History of the Rec Club

The Rec Club has been a sports and social club since 1968

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The club opened on 4 December 1978 as an initiative by Hampstead Health Authority, who wanted to provide a sports and social club for the staff of the Royal Free Hospital.

The main building was funded by the Royal Free special trustees, a committee of hospital consultants and benefactors of the Royal Free Hospital. The swimming pool was funded by the hospital’s league of friends. The chairman of the special trustees (which later became the Royal Free Charity) was Sir William Wells and he was also the first chairman of the Royal Free Recreation Club. Sir William’s deputy, Albert Bernard, succeeded him and the current chair, Dave Thomas is only the fifth in the club’s 45 years.

The first Rec Club manager was Tom Gunning who was succeeded by Keith Hunt, MBE, the club’s longest serving manager, for over 20 years. The current manager, Craig Johnson, is only the sixth in the club’s history.

Initially, the club was predominantly a social club (with a bar and eating facilities) for the hospital staff, with only 5% of its membership open to the local community. But over the past 20 years habits have changed.  The decision to close the large bar and eating area and convert the space into a fully functioning gym was taken in the late 1990s and coincided with the hospital’s decision to close its on-site bars. Again, the cost of this investment, at more than £500,000 during the 1999-2000 financial year, was met by the charity’s special trustees.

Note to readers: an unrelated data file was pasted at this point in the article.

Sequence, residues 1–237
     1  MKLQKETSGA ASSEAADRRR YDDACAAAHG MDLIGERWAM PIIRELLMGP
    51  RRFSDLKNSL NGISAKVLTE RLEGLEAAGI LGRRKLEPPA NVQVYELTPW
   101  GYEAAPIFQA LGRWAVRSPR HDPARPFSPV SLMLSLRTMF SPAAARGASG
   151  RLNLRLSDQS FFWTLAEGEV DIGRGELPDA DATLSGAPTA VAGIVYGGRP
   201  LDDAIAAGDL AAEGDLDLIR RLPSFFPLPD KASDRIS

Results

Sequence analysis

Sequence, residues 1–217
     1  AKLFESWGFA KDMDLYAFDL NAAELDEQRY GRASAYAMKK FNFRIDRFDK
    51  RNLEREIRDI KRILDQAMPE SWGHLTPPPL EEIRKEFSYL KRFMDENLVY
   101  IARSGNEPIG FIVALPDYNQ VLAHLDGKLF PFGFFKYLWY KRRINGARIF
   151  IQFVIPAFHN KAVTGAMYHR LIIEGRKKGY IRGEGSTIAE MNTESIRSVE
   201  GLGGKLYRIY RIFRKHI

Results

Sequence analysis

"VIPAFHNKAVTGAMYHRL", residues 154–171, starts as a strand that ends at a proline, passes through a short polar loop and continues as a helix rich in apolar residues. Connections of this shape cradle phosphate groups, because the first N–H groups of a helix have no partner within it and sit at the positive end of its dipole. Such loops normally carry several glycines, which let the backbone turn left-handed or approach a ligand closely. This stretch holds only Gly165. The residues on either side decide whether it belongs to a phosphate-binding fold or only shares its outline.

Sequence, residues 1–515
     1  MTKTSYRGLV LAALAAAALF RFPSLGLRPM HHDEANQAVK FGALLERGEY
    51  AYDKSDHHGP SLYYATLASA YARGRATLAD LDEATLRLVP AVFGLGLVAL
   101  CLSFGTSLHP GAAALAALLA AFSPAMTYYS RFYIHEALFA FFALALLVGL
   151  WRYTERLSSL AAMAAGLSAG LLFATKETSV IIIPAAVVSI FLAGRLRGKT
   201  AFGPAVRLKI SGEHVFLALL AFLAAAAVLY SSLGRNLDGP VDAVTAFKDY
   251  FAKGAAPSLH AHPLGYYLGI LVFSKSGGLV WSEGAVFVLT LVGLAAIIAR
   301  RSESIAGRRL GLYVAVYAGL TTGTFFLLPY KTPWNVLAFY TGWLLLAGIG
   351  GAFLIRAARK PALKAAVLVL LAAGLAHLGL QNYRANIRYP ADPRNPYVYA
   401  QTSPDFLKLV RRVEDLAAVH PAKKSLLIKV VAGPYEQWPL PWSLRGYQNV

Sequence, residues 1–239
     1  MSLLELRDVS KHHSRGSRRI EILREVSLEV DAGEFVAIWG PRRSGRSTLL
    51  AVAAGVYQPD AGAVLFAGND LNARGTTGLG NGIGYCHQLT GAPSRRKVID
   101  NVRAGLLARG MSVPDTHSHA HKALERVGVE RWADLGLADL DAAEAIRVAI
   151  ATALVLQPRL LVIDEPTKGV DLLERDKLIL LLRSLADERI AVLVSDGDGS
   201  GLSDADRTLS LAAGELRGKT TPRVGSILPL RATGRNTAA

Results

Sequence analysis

The emphasis on fitness, health and wellbeing promoted by the club from this time saw membership grow significantly among the local community and staff and patients of the Royal Free London NHS Foundation Trust. The club’s and trust’s strong relationship was further enhanced during the Covid pandemic when the club had to close,along with all other leisure centres. In conjunction with the Royal Free Charity, the club re-purposed itself to provide essential support to the hospital staff woth a free supermarket and wellbeing services such as rest areas and massages. The club also, in conjunction with local health bodies, became a vaccine centre for the local community for nine months as part of the national vaccine roll-out.

When government restrictions were relaxed, the club could fully reopen and once again provide a welcoming and modern fitness centre in a safe environment to the trust’s staff, patients and the local community.